KANSAS CITY, Mo. — It’s difficult, if not impossible, to play football at the highest level without loving the game, but even for a football player, few love the sport more than Chiefs center Mitch Morse.
That’s what made his 2017 season so frustrating, with a foot injury robbing him of his power and strength. But that frustration combined with has passion for the game and his teammate put Morse on a mission with the Chiefs heading to training camp this week.
“I was not going to let myself go back out there and be a detriment to this team again,” Morse said. “And that’s what I kind of felt like last year, it was tough.”
Morse injured his foot during the team’s Week 2 win over the Philadelphia Eagles. Morse took a lick from Eagles defensive end Fletcher Cox, and immediately knew something went wrong.
“I don’t know if you have seen Fletcher Cox but he is a giant human,” Morse said of the 6-foot-4, 310-pound three-time All-Pro. “I took a bull rush and something – I thought it was my ankle at first – and then I went out on a screen and then I just felt it pop and kind of go.”
Morse missed five games, returning for Week 8’s 29-19 win at home over the Denver Broncos. But the Chiefs proceeded to lose their next four games with the offense sputtering. Morse felt responsible.
“The truth of the matter was I felt like I wasn’t contributing for the guys.” Morse said after the team’s minicamp practice Tuesday. “I wasn’t putting my best self out there and the guys were picking up my slack when I was out there. That’s tough. You want to always positively influence what’s going on out there.”
The Chiefs finally shut Morse down after the Week 13 loss to the New York Jets. He underwent surgery on his balky foot, revealing much more damage than anticipated.
“When we went in there it was completely blown out,” Morse said.
Surgeons rebuilt his foot with screws holding everything in place. Morse had one screw removed in May — another remains in his foot, and may stay there for his lifetime.
“Now it feels great, we’re progressing,” Morse said. “There’s still a little bit to go but we’re in a great place where I can practice comfortably.”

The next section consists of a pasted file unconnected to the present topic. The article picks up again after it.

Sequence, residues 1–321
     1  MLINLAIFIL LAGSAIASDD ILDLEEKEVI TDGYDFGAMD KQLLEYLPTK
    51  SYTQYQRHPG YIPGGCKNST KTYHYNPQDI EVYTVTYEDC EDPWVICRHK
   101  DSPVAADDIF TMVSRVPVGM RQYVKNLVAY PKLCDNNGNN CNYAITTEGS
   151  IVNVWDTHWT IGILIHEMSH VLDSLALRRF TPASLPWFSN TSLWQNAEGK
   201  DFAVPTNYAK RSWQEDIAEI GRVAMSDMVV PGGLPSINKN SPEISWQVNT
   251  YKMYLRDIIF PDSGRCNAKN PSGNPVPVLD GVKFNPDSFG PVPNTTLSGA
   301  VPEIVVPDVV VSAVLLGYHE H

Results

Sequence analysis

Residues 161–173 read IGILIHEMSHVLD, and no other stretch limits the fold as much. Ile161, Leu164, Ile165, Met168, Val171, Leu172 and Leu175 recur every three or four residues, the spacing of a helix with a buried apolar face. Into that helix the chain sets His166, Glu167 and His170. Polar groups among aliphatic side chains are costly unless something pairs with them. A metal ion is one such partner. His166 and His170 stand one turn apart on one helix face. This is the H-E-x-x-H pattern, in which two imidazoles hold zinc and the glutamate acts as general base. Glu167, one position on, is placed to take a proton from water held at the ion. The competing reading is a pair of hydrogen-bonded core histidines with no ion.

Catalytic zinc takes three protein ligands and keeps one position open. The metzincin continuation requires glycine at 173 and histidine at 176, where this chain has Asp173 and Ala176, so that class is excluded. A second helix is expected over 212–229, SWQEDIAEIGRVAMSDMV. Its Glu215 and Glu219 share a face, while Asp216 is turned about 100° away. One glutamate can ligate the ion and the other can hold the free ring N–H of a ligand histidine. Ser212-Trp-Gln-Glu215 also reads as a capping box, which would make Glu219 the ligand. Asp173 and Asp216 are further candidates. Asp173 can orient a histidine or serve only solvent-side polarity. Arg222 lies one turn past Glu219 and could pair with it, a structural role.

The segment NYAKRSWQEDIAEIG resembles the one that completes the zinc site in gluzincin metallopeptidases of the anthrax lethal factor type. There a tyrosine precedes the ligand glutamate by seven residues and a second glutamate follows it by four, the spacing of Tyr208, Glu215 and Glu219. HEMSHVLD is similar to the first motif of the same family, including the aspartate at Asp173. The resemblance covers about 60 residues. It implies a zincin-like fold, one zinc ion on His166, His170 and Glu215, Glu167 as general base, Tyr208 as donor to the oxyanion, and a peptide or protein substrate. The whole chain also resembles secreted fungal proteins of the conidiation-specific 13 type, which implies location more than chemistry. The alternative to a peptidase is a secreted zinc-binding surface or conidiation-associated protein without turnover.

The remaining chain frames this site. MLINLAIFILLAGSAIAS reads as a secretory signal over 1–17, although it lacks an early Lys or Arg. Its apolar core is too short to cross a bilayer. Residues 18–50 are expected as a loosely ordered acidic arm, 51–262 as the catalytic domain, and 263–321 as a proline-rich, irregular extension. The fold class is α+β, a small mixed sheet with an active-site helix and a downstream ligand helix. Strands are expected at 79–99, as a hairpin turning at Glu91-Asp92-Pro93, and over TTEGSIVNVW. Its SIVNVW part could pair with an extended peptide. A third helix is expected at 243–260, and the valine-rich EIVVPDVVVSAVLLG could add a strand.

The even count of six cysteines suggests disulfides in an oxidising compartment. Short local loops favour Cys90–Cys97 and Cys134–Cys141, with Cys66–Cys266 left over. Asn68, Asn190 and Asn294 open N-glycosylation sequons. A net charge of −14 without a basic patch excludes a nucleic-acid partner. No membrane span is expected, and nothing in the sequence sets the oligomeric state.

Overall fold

Missing nine games in total last season and sitting out offseason workouts leaves Morse with the need to get his football movement back.
“You can watch as much film as you want but you’ve got to correlate that to the field and see what you see,” Morse. “There’s looking at it on screen and there’s looking at it on the field.”
Yet the injury may hold a silver lining. He spent much time of the sidelines with offensive line coach Andy Heck, watching his teammates in action and seeing his own role in the offense in a new way.
“Honestly some of the biggest stuff I could focus on was off the field in regards to functional movement and really getting in the playbook, understanding it,” Morse said. “Because I was with coach Heck the whole time on the sidelines kind of seeing it from a different perspective. It helped a ton.”
The minicamp preceding the officially opening of training camp on Thursday provides players such as Morse an opportunity to their feet wet before the intensity picks up. Head coach Andy Reid likes what he saw from Morse on the first day in St. Joseph.
“Mitch is a good football player so it’s good to have him back out there,” Reid said. “Again being able to knock the rust off I think is important for him and for us in the long run here so look forward to getting him in there.”
Morse’s return to the field this week is almost entirely fueled by trust — trust not only in the team’s medical staff but also his own body and love for the game.
“You know what you need to do to get your body right out there,” Morse said. “The doctors have cleared you, it’s time to go play. I’m excited to go back out there, compete. This foot is still progressing but we’re cleared to play football and that’s really fun.”